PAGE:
Avalon, Catalina Island

Open Competition = Improved Freight Services


Major Victory for Open Competition: CPUC Issues Proposed Decisions

  • CPUC Judge states Curtin Maritime’s “innovative business model” can result in lower rates and improved freight services for local residents.
  • Curtin Maritime would like to thank all of the citizens who wrote letters, came to City Council meetings and spoke out at the PUC public hearing.

This past Friday afternoon the fight to create open competition for freight service to Avalon took a major step toward resolution as California Public Utilities Commission (CPUC) Administrative Law Judge (ALJ) Darwin Farrar released his proposed decision to grant Curtin Maritime a Certificate of Public Convenience and Necessity (CPCN) to operate a freight line to Catalina. In his review of the application, he wrote, Curtin Maritime “offers the potential to provide freight service in unique and largely unexplored ways.”

ALJ Farrar spent nearly a year presiding over the case- holding evidentiary hearings, traveling to Avalon for a public participation hearing, and visiting Catalina’s freight terminal. Prior to the decision being final it must be ratified by the five members of the Public Utilities Commission.

In addition, ALJ Farrar also addressed the request of Avalon Freight Service (AFS) to receive a CPCN. Farrar denied AFS’ request for a CPCN because its non-transparent “structure allows inside dealing and compromise regulatory review and oversight.” He continued, “granting a CPCN to an organization whose structure and affiliate relationships preclude a determination of whether the costs for goods and services received or provided is reasonable is contrary to the public interest and an improper delegation of Commission authority.”

Lastly, Farrar also requested the current freight provider, Catalina Freight Lines, to appear before the Commission to have their CPCN reviewed.

Per Public Utility Commission rules, a Commissioner assigned to the case can also release an opinion on the applications. Commissioner Liane Randolph’s decision largely echoes ALJ Farrar’s decision by recommending granting Curtin Maritime a CPCN. Commissioner Randolph states that Curtin Maritime’s application satisfies “the Commission’s standards for a CPCN and is consistent with Commission policy favoring competition.” Conversely Randolph raises concerns about AFS’ ability “to game the Commission’s rate review process”, but ultimately does divert from ALJ Farrar’s decision by recommending AFS receive a CPCN, “subject to the condition that AFS submit a full and detailed explanation of its affiliate transactions whenever it seeks a rate increase, including an explanation of SCICo’s and AFS’s other affiliates’ finances as they relate to transactions with AFS...”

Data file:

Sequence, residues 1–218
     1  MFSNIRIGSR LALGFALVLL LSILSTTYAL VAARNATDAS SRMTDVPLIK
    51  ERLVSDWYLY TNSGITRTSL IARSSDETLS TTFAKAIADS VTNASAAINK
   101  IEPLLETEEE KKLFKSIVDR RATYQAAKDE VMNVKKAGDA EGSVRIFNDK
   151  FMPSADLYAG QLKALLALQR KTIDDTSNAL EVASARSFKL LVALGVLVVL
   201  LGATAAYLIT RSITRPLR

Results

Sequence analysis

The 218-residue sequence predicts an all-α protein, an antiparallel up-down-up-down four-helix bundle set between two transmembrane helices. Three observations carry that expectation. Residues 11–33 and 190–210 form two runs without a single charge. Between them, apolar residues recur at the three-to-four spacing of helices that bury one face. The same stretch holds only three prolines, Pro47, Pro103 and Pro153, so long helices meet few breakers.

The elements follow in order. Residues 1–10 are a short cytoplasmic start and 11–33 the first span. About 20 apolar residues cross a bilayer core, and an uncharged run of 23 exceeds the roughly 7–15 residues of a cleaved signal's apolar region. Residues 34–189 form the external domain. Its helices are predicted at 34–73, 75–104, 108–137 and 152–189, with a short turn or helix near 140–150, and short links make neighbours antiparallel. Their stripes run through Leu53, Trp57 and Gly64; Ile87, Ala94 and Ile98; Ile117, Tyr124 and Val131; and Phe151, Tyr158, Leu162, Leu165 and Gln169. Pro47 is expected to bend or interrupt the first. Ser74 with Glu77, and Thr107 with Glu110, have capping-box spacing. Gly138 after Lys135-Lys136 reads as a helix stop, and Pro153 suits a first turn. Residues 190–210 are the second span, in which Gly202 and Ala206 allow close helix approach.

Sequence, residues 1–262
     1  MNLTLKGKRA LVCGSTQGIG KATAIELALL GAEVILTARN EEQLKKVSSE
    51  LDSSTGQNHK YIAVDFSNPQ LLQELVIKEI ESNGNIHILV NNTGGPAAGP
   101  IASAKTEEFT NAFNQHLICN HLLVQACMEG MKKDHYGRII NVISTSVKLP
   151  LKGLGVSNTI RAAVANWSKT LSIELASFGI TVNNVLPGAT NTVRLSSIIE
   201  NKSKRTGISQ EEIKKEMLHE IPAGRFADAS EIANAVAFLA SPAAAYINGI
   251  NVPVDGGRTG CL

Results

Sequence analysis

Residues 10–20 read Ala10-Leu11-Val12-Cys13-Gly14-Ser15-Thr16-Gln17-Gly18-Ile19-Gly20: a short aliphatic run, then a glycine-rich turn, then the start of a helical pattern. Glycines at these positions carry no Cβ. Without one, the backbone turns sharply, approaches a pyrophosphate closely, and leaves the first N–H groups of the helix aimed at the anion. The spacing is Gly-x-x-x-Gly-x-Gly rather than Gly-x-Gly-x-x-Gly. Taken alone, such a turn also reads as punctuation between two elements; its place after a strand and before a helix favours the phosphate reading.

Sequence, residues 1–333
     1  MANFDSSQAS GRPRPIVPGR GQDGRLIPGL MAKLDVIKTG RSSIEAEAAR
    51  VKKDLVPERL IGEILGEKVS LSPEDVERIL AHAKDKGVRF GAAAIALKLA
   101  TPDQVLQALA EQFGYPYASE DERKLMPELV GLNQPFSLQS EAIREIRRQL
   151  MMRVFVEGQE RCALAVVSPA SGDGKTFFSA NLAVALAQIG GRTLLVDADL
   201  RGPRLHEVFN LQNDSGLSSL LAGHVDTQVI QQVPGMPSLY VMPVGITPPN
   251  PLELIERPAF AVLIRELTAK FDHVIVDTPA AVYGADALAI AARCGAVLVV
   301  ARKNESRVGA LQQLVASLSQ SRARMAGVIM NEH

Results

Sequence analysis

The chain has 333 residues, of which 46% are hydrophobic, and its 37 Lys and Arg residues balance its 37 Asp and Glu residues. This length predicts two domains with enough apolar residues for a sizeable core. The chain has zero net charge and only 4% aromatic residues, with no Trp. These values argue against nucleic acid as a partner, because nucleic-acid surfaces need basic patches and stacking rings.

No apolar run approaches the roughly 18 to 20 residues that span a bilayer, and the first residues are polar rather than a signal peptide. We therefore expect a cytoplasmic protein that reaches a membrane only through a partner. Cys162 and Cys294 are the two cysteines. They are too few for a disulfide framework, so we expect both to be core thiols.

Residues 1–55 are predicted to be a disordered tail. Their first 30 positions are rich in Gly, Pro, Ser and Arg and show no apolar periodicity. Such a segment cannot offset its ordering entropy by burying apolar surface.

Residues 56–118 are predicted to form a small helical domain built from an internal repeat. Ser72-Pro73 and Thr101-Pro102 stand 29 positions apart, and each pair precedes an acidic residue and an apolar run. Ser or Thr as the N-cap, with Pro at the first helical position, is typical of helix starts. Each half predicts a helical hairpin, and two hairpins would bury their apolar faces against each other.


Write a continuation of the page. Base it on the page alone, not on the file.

The five members of the Public Utilities Commission will review both proposed decisions for thirty days before issuing a binding vote.

We again thank the people of Avalon for their continued support through the next step of this process.

Proposed Decision of ALJ Farrar (.pdf file)
Alternate Proposed Decision of Commissioner Randolph (.pdf file)

On freight-dependent Catalina, an uproar over a new exclusive contract

Los Angeles Times reporter Chris Kirkham reported about the battle brewing over who will control Catalina’s crucial commercial pipeline. In his September 5 article on the front page of the paper’s Business section, Kirkham wrote that the planned concentration of control in the island's transportation system has left many in Catalina wary of rising freight costs on an island where the delivery of goods from the mainland is built into the price of everything. He interviewed residents, business owners as well as Mayor Ann Marshall about the long-held concerns about the power wielded by the Santa Catalina Island Co., which was purchased by chewing gum magnate William Wrigley Jr. in 1919.

The Island Co. owns essentially all of the island’s developable land, owns and leases many restaurants and hotels, and owns the dock space where the bulk of the island's goods come ashore. As owner of the barge landing, the private company had the ability to choose who would control a vital public utility.

Though the dock sits on private land, it's a public necessity for those living in the city of Avalon, falling under the jurisdiction of the California Public Utilities Commission. The commission regulates rates and grants licenses to carriers — or revokes them.

The Island Co. put out a request for proposals in 2012 for a new freight operator, reviewed proposals from eight operators and chose a newly formed venture run in part by the owner of the island’s primary passenger line. That decision came to light only last year after the company named the new operator in a press release printed in the local newspaper, prompting locals to question how such an important decision could be reached without a public hearing.

"It just kind of had the feeling of a foregone conclusion," said Pam Albers, a former Avalon city attorney who owns the Cafe Metropole. "If you're just somebody who lives here, you're scratching your head."

Curtin Maritime and the incumbent, Catalina Freight Lines, have argued to state authorities that the Island Co.'s bidding process was "a sham with a predetermined outcome.” Curtin said he became suspicious when he received an email from an Island Co. consultant four months before the company formally asked for proposals to run freight.

The email, from Van Holland of consulting firm Hardesty, said the Island Co. was in negotiations with the Port of Los Angeles to set up a freight depot to Catalina — at the same berth where the Catalina Express passenger line operated.

"This is a city; this isn't a monarchy," Curtin said. "You can't just do whatever you want and expect for there not to be blowback."

To read the full article, click here: http://www.latimes.com/business/la-fi-catalina-freight-20150905-story.html